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High Cost of Gaining Each IPTV Subscriber

Broadcasting & Cable reports that the best place to get a snapshot of the costs of the cable-TV vs. telco war is New York. To launch video and fast Internet services on suburban Long Island, Verizon spent heavily on an extensive overhaul of its telephone plant. Some estimates put the cost at up to $1,100 in capital for each home 'passed' in its new FiOS TV optical-fiber systems, and it will take an average of an additional $700 or so to actually connect a new subscriber.

Preparing to defend itself, local cable operator Cablevision Systems tweaked its own plant. It boosted its Internet service to even higher speeds than Verizon's and stepped up its sales of cable telephone service, to steal Verizon's residential customers before the telco's system was ready. Cablevision's capital expenditure was lower. The Internet boost cost it just $15 per home passed; each new phone customer cost around $200.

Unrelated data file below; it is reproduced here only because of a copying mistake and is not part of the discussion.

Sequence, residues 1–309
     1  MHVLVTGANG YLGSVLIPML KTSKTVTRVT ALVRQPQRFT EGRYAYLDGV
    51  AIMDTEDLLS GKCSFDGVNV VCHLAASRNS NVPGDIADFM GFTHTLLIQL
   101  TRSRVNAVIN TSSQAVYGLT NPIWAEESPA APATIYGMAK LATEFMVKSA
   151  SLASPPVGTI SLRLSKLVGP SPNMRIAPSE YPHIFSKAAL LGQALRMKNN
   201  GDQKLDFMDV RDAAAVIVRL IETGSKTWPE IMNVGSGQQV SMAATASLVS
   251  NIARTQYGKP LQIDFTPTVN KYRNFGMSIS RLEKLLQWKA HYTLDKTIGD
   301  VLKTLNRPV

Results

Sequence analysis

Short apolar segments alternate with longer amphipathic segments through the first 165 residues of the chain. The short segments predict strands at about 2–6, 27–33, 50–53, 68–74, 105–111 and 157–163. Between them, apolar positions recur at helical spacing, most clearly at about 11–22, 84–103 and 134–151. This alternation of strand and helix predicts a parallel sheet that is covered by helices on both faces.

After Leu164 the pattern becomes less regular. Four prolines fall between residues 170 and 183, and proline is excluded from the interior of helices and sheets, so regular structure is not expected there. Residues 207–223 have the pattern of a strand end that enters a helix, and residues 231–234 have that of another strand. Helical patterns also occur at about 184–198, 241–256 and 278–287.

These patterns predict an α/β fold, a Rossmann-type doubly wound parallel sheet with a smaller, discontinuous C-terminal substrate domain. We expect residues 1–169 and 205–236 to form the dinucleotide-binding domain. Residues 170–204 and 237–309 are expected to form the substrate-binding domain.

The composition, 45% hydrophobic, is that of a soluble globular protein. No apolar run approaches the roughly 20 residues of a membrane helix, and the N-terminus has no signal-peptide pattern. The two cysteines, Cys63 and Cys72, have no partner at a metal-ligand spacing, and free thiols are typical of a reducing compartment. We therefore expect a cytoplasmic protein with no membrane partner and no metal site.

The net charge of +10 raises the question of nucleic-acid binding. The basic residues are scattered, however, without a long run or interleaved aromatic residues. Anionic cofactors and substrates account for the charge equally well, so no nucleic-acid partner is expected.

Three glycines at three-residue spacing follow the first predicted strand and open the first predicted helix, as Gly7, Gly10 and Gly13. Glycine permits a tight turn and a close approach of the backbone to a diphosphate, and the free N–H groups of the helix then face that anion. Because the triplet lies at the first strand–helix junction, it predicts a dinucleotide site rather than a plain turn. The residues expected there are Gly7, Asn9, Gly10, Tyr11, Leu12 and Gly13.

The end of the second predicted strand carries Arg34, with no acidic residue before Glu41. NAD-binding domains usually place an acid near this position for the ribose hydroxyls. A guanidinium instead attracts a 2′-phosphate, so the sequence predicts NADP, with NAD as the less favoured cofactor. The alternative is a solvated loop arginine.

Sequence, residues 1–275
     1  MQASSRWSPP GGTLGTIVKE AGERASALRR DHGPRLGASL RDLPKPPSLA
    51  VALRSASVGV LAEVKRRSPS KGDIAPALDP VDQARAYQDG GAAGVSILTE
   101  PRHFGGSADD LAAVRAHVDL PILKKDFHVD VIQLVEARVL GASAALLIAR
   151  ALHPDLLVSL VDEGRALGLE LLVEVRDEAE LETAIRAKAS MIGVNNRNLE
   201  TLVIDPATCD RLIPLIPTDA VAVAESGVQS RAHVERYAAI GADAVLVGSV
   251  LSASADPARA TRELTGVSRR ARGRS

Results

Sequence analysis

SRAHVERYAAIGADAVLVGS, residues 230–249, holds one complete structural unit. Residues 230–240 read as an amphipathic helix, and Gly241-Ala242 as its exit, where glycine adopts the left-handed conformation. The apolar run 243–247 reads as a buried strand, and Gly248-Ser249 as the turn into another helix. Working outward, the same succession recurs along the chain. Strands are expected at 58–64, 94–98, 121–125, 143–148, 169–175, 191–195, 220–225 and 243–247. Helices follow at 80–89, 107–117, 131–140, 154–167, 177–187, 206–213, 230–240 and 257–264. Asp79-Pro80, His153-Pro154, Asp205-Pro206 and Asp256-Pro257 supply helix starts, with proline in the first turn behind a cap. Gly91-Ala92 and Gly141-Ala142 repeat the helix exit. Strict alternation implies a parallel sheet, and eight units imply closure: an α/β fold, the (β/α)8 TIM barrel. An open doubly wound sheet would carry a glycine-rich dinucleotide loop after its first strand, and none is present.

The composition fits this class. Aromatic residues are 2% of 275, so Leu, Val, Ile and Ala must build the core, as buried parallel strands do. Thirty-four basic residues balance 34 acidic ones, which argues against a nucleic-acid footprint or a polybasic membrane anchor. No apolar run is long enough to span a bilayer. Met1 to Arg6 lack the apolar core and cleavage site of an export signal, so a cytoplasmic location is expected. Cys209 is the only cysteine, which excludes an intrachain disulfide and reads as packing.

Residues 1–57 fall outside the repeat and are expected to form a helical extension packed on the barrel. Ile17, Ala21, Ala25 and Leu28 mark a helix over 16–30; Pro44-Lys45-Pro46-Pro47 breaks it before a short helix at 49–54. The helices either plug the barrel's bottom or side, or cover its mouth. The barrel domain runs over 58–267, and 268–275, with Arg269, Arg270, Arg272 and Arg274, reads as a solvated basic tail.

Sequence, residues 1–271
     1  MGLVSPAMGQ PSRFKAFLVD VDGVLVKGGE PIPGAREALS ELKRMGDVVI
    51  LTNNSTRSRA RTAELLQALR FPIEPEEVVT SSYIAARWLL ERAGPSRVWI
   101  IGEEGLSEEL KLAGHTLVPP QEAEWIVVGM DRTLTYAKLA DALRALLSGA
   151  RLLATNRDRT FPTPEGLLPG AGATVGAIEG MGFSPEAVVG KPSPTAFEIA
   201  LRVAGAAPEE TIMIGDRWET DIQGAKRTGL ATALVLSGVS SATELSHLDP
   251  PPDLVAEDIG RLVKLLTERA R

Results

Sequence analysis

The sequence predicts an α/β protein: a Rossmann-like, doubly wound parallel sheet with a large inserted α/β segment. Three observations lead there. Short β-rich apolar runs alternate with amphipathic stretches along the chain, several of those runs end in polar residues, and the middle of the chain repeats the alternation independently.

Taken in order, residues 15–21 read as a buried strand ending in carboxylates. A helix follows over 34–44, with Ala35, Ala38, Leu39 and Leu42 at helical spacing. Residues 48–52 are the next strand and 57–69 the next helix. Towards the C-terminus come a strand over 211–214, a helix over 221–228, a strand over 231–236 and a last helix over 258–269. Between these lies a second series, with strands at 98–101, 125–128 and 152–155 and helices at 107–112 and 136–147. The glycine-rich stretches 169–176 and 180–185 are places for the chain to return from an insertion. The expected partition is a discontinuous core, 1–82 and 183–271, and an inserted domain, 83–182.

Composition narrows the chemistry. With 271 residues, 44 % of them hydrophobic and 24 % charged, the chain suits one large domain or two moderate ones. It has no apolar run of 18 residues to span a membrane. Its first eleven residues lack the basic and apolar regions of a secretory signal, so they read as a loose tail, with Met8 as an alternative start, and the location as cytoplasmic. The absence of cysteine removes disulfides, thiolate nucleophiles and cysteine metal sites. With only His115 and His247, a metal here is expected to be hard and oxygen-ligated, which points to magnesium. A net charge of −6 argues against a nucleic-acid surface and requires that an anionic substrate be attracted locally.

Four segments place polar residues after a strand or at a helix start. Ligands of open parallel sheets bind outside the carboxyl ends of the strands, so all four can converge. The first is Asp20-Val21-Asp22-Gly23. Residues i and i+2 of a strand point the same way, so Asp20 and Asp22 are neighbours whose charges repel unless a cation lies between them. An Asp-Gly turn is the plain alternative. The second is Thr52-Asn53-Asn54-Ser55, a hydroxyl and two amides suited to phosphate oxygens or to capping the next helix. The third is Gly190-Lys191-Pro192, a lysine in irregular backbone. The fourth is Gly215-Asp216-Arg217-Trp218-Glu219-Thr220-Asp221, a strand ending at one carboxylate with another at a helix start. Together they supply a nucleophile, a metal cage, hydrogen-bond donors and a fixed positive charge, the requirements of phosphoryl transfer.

The huge capital-spending gap shows just how much of a disadvantage telephone companies are at as they push into the video business. Cable operators have largely been finished with their gigantic rebuild for several years and have a big video and Internet customer base already giving them a return on that investment.

So, is the telco investment wise? Verizon and AT&T aren't just calculating the revenues from new businesses; they're also taking into account the value of protecting existing ones, according to UBS media analyst Aryeh Bourkoff and telecom specialist John Hodulik. The two analysts have made telco video a special franchise and write about it extensively. �The whole strategy is a defensive strategy,� Bourkoff says. �They're going to continue to build. They don't really need it financially.�

How badly might cable MSOs be hurt? Not a lot � at first. UBS analysts believe it will take the telcos a while to get going, predicting they'll secure fewer than 3 million subscribers each by the end of 2010.

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